I Threw a Wish in a Well

Why do we throw coins into fountains and wells in hopes of a wish being granted? The answer involves the law of contagion, a supermarket for the poor, and the undying hope of humanity.

Many cultures regard water as a gift from the gods. In a desert where water means survival, in an agricultural society where water is necessary to grow crops, and in any place where humans make a home—water is necessary for life. Drinkable water is relatively rare, so wells were built to protect sources of clean water. Various beliefs cropped up regarding the sacred and divine powers of the well, especially in European cultures. Some wells collected coins, food, or clothing as an offering of gratitude to the gods for drinkable water. Some became shrines to deities. Some became places of rest and repose for weary travelers.

Some wells were thought to have healing powers, and the sick person would toss in a piece of their clothing in hopes to be cured of their disease. A concept called the law of contagion explains this superstition—it was believed that the clothing not only carried the disease but represented the person’s disease. It acted as a token of a non-material bond with the person it belonged to and became a vehicle for the healing powers of the well’s resident deity or natural forces. The curative powers of water would transfer from the button or scrap of fabric in the well to the sick person. This same psychological law is in effect (in a negative way) when someone feels disgusted at the idea of wearing an item of clothing that once belonged to someone they dislike, or (in a positive way) when you don’t want to wash your hands after shaking the hand of someone famous.

Some wells became places of prayer and offerings of money. A well in Northumberland, England, was anciently a site of prayer and offerings in the form of coins to the Coventina, the Celtic goddess of wells and springs. An archaeological dig turned up about 16,000 coins from various eras of the Roman empire, most of them of lower value. The exchange value of the coins didn’t seem to weight the odds of the wish or prayer being granted more heavily in the person’s favor. Excavations of other wells have turned up similar results—vast numbers of coins of lower denominations, the result of people tossing in a coin as an offering as they say a prayer to a deity or plead with a supernatural power. Though wells have largely lost their connection to a particular deity, this practice persists in the form of making a wish as one tosses a coin into a well, fountain, or other source of water.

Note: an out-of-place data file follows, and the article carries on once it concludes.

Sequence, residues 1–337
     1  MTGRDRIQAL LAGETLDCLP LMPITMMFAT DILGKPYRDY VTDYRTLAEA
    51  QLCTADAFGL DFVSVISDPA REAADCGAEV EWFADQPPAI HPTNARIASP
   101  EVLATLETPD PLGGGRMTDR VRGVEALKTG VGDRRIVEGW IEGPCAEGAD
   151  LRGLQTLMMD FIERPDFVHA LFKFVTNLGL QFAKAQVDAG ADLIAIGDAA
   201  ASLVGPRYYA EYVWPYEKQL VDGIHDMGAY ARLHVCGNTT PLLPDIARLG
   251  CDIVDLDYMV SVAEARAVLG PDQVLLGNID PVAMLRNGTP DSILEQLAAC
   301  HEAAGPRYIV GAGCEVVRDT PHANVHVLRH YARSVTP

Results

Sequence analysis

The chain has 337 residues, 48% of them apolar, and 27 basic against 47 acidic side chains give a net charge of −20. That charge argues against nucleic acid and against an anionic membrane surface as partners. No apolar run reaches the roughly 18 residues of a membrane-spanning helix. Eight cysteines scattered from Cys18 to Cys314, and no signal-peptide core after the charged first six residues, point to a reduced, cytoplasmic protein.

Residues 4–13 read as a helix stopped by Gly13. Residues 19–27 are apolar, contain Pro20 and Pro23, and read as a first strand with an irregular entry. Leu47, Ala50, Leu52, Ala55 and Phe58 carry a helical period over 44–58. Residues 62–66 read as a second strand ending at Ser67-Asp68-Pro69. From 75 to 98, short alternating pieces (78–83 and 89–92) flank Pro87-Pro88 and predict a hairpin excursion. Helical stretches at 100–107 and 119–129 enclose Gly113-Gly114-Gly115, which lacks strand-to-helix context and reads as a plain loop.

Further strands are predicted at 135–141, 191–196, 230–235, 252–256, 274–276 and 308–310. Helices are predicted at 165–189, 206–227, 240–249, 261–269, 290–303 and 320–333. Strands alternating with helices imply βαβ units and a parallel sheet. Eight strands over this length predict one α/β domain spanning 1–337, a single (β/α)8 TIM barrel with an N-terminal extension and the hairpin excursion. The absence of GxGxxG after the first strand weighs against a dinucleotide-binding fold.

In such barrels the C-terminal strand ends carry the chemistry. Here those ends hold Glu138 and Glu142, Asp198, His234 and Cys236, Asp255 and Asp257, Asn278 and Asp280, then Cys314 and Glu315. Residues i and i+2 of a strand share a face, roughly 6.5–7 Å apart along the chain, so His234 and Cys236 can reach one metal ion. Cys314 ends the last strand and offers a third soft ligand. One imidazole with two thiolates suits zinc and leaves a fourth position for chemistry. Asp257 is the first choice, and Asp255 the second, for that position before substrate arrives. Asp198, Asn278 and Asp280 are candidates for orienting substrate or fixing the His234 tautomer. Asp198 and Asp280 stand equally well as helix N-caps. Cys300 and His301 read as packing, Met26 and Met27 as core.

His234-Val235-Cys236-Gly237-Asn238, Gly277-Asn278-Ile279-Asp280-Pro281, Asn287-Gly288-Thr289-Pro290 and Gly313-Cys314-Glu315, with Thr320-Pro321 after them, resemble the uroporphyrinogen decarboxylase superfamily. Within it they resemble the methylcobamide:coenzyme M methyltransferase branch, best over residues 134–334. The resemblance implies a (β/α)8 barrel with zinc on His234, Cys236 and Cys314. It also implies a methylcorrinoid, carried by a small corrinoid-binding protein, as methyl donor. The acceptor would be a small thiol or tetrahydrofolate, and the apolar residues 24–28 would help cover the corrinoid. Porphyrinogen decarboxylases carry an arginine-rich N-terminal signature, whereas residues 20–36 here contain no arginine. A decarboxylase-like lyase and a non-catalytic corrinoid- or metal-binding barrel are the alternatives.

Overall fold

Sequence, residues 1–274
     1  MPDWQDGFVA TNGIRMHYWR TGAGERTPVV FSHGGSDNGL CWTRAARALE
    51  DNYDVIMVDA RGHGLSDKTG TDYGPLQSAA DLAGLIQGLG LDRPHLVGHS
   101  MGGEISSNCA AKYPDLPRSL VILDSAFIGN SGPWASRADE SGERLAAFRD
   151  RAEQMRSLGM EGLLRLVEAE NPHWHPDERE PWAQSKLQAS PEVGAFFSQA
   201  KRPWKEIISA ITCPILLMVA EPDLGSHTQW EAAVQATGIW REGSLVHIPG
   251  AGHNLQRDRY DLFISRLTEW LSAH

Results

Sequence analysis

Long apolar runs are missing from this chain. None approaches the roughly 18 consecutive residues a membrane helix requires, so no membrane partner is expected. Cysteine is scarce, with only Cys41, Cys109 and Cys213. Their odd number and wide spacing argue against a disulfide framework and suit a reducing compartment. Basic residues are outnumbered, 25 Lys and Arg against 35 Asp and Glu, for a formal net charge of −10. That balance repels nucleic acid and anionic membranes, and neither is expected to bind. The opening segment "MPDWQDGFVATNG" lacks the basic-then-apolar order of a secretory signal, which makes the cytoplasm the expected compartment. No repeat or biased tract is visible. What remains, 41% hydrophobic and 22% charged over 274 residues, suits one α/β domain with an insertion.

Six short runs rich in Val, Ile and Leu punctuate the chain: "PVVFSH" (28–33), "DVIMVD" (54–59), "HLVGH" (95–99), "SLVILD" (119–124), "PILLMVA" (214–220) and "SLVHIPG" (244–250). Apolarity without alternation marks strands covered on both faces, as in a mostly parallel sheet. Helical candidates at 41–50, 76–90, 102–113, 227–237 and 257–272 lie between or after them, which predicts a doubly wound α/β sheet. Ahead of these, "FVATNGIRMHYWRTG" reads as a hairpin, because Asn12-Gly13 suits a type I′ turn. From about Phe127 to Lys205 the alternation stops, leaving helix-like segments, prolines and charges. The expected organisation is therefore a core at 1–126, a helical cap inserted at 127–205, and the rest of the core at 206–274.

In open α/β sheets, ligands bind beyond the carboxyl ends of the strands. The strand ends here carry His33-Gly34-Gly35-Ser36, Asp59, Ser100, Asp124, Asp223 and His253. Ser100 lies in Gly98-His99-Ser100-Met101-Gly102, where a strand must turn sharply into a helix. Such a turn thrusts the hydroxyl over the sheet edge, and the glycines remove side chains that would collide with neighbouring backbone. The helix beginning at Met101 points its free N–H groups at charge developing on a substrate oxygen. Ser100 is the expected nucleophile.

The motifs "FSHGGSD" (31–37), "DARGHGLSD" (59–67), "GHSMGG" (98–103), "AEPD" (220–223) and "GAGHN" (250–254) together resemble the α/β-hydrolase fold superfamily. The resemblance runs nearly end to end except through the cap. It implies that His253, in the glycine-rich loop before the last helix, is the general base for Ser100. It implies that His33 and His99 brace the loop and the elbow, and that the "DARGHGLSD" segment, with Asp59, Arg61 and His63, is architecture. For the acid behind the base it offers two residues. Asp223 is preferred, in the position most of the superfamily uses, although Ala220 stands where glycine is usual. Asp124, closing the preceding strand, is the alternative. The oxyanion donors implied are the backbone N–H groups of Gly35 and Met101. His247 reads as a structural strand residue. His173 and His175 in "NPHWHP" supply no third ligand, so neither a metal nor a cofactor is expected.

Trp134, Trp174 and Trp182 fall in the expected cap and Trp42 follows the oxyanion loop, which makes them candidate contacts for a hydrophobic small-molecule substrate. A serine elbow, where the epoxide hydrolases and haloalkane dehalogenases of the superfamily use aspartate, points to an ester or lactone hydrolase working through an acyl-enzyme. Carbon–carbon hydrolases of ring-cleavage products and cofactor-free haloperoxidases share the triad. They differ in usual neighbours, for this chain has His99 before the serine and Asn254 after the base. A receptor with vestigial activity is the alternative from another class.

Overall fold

Site of Coventina's Well
Standing stone marking the site of Coventina’s Well.
Image by Mike Quinn CC BY-SA 2.0 via Wikimedia Commons.

And we just can’t resist it! Throwing a coin into a wishing well or a fountain is an exercise in hope. Exchanging money for a wish directs our sense of control when our desires are unlikely or uncertain to be fulfilled. Similarly to the law of contagion at work in the diseased person’s clothing, the coin you throw in a well is an extension of yourself and your wish. Anthropologist Peter Wogan explains that when you release the coin, you release control to the water, the life force of the universe, to grant your wish. And when you look into the water, you see the coins of so many others whose wishes—superstitious or ironic or playful or secretly hopeful—led them to the well, just like you. This creates, from a private, unspoken dream, a sense of collective belonging with the hundreds of others.